The harmony of the teachings of Sri Ramana and Sri Aurobindo
The usual idea is that Jnana is difficult because it is all self-effort and doing; Bhakti is easy because it is non-doing. I have actually find the opposite to be the case.
With Bhakti one consciously aspires to the Supreme, and consciously offers upo everything to the Supreme. That is the path of "doing". The goal is to attain teh Supreme (the Mystical Ascemnt) or be transformed by the Divine (mystical descent)
With Jnana one simply tries (even try isn't the right word) to realise what one always is, including at this very moment. One simply abuides in the consciousness of the now. It is the supreme non-doing, not striving, not becoming anything you are not, just stepping back and watching and being the nonduual Conscoiousness one already is (albeit without getting caught up in the dramas of the surface consciousness)
But as I have said, ultimately these two paths and these two revelations are complementary, and non-exclusive.
And while Sri Aurobindo did instruct his devotees to follow the path of devotion centered on The Mother (as they were having difficulty with the pure path of gnosis and ascent to Supermind), his opus Synthesis of Yoga follows the Gita in integrating all three yogas and margas - Karma, Bhakti, and Jnana, These are reconciled in the fourth, the Integral or Purna (full or complete) Yoga.
There is another thing worth mentioning. According to Sri Aurobindo, his yoga ends where all the other yogas begin. I never truly realised what this meant until now.
Anyway here's a relevant passage from the Life Divine (here I tried to break the quote from LD into thematic threads).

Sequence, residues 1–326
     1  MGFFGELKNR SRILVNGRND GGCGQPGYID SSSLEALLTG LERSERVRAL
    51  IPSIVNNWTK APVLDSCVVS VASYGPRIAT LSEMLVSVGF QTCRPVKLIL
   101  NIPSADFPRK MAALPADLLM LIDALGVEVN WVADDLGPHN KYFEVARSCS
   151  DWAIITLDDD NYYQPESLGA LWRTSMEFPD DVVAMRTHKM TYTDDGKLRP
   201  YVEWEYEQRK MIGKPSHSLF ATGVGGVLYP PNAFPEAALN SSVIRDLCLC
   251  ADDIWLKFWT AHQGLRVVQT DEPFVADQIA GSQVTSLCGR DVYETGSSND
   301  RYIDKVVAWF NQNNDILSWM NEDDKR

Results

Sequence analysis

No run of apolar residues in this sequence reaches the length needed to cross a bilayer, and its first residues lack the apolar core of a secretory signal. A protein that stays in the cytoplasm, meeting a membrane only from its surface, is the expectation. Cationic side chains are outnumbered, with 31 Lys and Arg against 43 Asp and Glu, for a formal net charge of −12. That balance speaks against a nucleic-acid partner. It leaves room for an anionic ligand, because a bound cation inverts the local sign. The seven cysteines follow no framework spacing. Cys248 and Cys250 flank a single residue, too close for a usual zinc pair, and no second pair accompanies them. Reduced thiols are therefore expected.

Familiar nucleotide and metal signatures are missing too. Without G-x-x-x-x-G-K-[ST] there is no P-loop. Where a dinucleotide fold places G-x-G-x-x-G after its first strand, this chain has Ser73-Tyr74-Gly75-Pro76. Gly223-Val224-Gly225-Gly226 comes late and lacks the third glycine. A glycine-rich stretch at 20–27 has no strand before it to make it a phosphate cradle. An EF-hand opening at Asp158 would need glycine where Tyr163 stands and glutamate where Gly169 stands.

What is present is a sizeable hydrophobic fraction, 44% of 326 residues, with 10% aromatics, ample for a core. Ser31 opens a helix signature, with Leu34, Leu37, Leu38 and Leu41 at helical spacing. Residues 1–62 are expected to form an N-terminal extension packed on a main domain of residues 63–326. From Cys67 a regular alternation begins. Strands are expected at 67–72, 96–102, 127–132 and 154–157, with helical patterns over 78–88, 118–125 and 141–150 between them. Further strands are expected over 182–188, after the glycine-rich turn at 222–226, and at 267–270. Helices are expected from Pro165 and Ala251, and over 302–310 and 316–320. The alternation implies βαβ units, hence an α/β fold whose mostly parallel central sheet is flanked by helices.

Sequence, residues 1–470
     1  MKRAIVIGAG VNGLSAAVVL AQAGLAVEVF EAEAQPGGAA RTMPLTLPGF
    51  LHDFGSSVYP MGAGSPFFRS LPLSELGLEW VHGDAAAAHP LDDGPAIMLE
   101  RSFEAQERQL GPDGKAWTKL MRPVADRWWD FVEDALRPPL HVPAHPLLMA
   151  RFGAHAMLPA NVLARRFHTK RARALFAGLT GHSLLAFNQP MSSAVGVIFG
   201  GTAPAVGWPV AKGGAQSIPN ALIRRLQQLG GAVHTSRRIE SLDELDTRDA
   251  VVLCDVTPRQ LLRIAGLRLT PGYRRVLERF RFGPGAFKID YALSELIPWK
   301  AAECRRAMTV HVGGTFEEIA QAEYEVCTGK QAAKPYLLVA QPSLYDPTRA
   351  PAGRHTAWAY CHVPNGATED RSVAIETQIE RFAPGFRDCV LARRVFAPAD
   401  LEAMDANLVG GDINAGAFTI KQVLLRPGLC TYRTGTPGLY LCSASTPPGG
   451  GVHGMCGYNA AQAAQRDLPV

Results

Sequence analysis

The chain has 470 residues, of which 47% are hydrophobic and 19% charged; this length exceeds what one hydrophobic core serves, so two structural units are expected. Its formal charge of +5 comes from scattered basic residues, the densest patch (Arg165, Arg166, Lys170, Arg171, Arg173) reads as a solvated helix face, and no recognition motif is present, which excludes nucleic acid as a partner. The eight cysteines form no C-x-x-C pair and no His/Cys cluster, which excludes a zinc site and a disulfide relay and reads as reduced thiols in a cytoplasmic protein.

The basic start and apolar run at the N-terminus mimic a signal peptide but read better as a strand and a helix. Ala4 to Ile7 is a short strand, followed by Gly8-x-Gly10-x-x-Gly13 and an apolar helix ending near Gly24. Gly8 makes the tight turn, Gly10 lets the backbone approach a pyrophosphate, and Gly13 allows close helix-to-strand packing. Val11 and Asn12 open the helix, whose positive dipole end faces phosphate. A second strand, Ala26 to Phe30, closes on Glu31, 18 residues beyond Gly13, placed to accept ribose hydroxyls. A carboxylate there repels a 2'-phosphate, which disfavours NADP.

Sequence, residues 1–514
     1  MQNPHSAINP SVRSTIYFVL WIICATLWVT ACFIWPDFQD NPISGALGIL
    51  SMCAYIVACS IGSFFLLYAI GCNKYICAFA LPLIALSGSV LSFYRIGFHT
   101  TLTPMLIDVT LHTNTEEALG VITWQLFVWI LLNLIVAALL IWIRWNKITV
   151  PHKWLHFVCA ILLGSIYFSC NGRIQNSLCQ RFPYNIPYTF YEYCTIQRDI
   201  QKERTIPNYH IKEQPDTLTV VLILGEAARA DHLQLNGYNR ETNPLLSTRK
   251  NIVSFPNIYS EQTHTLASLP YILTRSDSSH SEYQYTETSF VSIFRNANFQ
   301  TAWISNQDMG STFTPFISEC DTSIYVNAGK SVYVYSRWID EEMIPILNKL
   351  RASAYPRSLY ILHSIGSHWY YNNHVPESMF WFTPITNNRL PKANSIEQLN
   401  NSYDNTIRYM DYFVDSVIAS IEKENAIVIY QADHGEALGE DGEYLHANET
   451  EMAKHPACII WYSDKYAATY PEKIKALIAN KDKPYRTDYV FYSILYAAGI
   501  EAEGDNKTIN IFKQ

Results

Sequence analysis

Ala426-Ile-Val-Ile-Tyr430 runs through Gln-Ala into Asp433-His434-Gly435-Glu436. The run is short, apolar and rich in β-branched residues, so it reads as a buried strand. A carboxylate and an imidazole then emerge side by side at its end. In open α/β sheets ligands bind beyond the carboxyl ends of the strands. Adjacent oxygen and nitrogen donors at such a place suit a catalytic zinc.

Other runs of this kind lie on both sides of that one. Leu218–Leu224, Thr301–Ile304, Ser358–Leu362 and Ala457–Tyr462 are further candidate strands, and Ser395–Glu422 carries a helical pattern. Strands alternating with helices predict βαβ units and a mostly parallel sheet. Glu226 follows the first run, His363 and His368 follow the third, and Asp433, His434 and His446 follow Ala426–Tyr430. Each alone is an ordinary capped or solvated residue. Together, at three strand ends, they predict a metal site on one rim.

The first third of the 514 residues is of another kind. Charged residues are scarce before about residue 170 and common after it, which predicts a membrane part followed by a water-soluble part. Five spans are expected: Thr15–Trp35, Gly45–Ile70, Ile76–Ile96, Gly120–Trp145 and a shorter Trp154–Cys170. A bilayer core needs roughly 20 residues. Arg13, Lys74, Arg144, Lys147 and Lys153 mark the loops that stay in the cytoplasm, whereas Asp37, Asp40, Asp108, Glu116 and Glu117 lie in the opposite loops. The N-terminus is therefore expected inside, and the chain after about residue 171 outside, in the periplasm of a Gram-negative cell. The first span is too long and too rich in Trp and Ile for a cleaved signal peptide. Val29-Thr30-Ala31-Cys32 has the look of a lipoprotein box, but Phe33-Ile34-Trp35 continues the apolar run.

Experiencing both the revelation of Sri Aurobindo and that of Sri
Ramana in a non-contradictory way, feeling the two blending, realising the two Teachers as great Enlighteneed masters and avatars, a true Integral and Integrative Spirituality, is nothing new. In an email, Rick Lipschutz provides an iunvaluable historical anecdote and quotation:
Sri Kapali Sastry (1886-1953), a noted Sanskritist of the twentieth
century, born Tantric and a noted Vedic scholar, was a disciple of Sri
Ramana before becoming a disciple of Sri Aurobindo and the Mother and
following their sadhana. Sri Kapali composed among many other works
the Siddhanjana, a commentary on the first ashtaka of the Rig-Veda
where he differs considerably from Sayana and provides a solid
scholarly underpinning for Sri Aurobindo's interpretation of the Veda.
Yet even after become an ashramite Sastry continued to produce
commentaries of considerable interpretative merit on Sri Ramana's
teachings. Kapali's student, the prolific and peripatetic M.P. Pandit,
writes, in a diary containing spoken observations of his longtime
mentor published on p. 238 in Volume III of the 12-volume collected
works of T.V. Kapali Sastri (available from Sri Aurobindo Ashram):
"Sri Maharshi's path and the path of Sri Aurobindo differ in this way.
In the former, apparently, it is you who are to work out your sadhana.
In the latter, you count for little; you cannot do anything much; it
is they [Sri Aurobindo and The Mother] to whom you have to surrender
yourself completely who can and will work out the sadhana.
"But we must also note that when the Maharshi says, 'It is you who
have to look within yourself and work out your sadhana,' he puts in
the needed influence, anugraha, to help you proceed and do the
"Similarly, here, when Sri Aurobindo and the Mother say, 'Surrender
everything of you to the Divine and be free,' they put in you the
necessary force which enables you to carry out your indispensable
individual effort for surrendering all that you have and are.
"In the Maharshi's teaching, as indeed in all yogas of ancient India,
the problem to be solved is the problem of the individual. In Sri
Aurobindo's teaching, it is the problem of man in his total being and
the meaning of his existence on the earth that is sought to be
discovered and worked out. The problems are different and so are the
For more on subject, see my posting on Open Integral on the need to go beyond literal interpretations to the inner esoteric understanding and revelation. It is on that level that the teachings of Ramana and Sri Aurobindo are seen and appreciated as non-contradictory.